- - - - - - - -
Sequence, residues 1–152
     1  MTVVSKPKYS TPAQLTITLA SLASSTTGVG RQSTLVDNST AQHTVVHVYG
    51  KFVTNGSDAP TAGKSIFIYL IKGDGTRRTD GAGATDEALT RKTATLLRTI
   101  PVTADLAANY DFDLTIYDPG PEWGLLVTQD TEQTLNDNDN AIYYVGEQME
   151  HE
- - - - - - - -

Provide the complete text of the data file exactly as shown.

Sequence, residues 1–152
     1  MTVVSKPKYS TPAQLTITLA SLASSTTGVG RQSTLVDNST AQHTVVHVYG
    51  KFVTNGSDAP TAGKSIFIYL IKGDGTRRTD GAGATDEALT RKTATLLRTI
   101  PVTADLAANY DFDLTIYDPG PEWGLLVTQD TEQTLNDNDN AIYYVGEQME
   151  HE